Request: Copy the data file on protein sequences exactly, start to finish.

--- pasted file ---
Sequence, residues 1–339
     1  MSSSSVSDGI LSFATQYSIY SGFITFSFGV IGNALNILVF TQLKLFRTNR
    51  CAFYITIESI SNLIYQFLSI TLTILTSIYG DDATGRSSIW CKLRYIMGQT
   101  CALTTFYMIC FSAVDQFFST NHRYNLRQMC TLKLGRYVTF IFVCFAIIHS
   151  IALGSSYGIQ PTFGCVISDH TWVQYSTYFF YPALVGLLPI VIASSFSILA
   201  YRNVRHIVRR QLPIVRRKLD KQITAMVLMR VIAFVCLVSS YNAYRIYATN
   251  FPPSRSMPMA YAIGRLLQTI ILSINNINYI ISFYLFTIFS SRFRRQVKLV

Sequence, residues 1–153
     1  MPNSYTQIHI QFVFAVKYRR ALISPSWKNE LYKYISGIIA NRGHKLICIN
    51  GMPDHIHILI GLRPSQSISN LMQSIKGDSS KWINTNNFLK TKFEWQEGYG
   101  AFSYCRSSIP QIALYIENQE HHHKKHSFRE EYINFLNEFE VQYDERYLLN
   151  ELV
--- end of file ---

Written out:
Sequence, residues 1–339
     1  MSSSSVSDGI LSFATQYSIY SGFITFSFGV IGNALNILVF TQLKLFRTNR
    51  CAFYITIESI SNLIYQFLSI TLTILTSIYG DDATGRSSIW CKLRYIMGQT
   101  CALTTFYMIC FSAVDQFFST NHRYNLRQMC TLKLGRYVTF IFVCFAIIHS
   151  IALGSSYGIQ PTFGCVISDH TWVQYSTYFF YPALVGLLPI VIASSFSILA
   201  YRNVRHIVRR QLPIVRRKLD KQITAMVLMR VIAFVCLVSS YNAYRIYATN
   251  FPPSRSMPMA YAIGRLLQTI ILSINNINYI ISFYLFTIFS SRFRRQVKLV

Sequence, residues 1–153
     1  MPNSYTQIHI QFVFAVKYRR ALISPSWKNE LYKYISGIIA NRGHKLICIN
    51  GMPDHIHILI GLRPSQSISN LMQSIKGDSS KWINTNNFLK TKFEWQEGYG
   101  AFSYCRSSIP QIALYIENQE HHHKKHSFRE EYINFLNEFE VQYDERYLLN
   151  ELV